Small homesteads: a rich life now, ready for “what if”

Homesteads designed to increase self-suffiency are not just a throwback to the 60’s or a prepper fortification against total breakdown.  In today’s uncertain world, they are investments in personal and local resiliency that offer substantial returns in any future scenario.  And it doesn’t take much land to shift your family’s balance from total dependence on unsustainable (and potentially fragile) global food and energy systems, toward a much more rewarding and reliable balance of local, regional, and global supplies.  After a few years, you may even find yourself feeling a lot less nervous about the “what if” consequences of a major economic or environmental crisis that could disrupt your access to distant goods.

But where to start?  And why would you want to?  We recently came across a great introduction to these questions, in a profile of Melliodora, a 2-acre homestead in a rural village setting; click through for more details.

Two of the Resilient Investor authors, Michael and Christopher, are longtime permaculture teachers, while Hal and Jim have both incorporated some permaculture design on their edge-of-town lots.  While none of us are envisioning a sudden or catastrophic societal breakdown, we all have found it to be worth our while to invest some money (and quite a bit of time) in setting up systems in and around our homes that reduce (but don’t eliminate) our reliance on regional and national supplies of food, water, and energy.  It’s a long-term process to gradually become more self-sufficient, and each of us is continuing to assess how much to prioritize and invest in these systems.  The benefits are manifold: reducing annual expenditures, providing an impetus to get outside and enjoy the morning and evening beauty of our land, sharing projects and skill-building with family members and neighbors, and providing at least the start of a more significant hedge against future disruptions.

David Holmgren, co-creator of permaculture, has spent the past 25 years taking all this to a comprehensive culmination. His homestead, Melliodora, is not necessarily what you’d think of as a self-sufficient rural homestead.  For starters, it’s right in a village, not far from a golf course and a school.  As Holmgren notes:

The urban-rural fringe is an edge where the resources of both the city and the country are accessible. The location of the land and its relationship to both town services and the surrounding natural and community environment affect its potential as much as the natural characteristics of the land.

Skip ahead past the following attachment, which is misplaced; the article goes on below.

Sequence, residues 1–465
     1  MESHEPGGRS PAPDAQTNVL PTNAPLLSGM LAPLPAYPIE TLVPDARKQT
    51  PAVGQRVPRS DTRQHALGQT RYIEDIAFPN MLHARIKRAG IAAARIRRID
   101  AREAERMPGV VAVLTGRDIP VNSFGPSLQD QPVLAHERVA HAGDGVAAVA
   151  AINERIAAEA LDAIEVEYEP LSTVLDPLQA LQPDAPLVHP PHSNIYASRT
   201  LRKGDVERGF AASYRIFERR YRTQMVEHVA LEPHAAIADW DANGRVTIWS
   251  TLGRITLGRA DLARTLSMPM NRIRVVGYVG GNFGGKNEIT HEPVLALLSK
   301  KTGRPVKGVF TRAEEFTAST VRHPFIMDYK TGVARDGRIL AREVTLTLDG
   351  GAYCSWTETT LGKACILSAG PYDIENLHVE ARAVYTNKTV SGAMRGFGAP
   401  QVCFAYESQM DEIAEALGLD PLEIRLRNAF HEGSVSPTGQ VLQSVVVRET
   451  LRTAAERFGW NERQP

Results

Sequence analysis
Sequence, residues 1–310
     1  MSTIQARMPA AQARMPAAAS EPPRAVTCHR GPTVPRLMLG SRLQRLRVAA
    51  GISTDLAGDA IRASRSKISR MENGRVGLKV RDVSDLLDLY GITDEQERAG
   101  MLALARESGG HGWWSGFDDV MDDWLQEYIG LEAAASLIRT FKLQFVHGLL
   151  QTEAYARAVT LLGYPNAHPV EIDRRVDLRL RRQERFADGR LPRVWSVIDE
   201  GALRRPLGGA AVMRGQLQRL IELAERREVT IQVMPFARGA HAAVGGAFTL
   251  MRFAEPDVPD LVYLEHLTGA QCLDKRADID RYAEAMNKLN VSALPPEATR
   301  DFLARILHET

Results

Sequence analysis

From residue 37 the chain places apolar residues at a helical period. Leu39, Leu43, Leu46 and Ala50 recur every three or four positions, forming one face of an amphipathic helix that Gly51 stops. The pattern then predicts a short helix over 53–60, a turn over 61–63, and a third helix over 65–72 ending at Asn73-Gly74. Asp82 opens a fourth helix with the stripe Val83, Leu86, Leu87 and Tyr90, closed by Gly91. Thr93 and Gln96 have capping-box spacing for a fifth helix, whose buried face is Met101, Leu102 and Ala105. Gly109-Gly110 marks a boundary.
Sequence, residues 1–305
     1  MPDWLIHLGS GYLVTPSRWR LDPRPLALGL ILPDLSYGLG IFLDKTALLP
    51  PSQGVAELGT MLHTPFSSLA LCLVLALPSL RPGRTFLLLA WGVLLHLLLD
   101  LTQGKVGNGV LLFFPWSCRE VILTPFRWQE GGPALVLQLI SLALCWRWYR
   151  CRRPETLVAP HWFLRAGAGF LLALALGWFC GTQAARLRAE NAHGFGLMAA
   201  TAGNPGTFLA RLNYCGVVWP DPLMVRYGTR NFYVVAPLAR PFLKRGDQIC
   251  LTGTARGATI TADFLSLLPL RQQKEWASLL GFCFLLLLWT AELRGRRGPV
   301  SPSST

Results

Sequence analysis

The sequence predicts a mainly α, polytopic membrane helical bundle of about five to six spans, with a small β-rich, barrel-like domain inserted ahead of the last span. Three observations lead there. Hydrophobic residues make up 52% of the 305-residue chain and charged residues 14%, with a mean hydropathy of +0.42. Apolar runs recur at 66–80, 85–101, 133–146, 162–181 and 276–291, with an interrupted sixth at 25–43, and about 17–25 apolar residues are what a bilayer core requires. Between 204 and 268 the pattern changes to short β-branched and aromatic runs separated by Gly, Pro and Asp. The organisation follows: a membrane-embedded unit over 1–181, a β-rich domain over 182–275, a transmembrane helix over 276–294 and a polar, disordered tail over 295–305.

pigwebThe small parcel provides about 85% of their food, with their energy coming from the sun and from wood harvested locally.  Equally important to the long-term viability of Holmgren’s model is conscious frugality and a commitment to fleshing out a vibrant “household economy,” in contrast to today’s norm of relying on the global economy for both supplies and the money we need to buy them (pic at right shows the family processing and packaging a pig):

David and his family understand the importance of the household economy: that family and the household is the core economic unit. This economy is based on multiple family members running numerous enterprises for their mutual benefit. For example, Su preserves food and also sells food in bulk to the local community, Oliver, their son, is a tech support guy and also hunts game, and David writes and gives lectures. Together they form a core economic unit whereby everybody contributes to the household.

These quotes all come from a brief but comprehensive introduction to the Melliodora approach to homesteading recently published by the Permaculture Apprentice website. There you can also find a series of shorter profiles of homestead projects ranging from a tenth of an acre to a hundred acres in size.

And, for the full story on Holmgren’s approach, we can recommend his book (now also a PDF e-book) highly enough: Melliodora: A Case Study in Cool-climate Permaculture.

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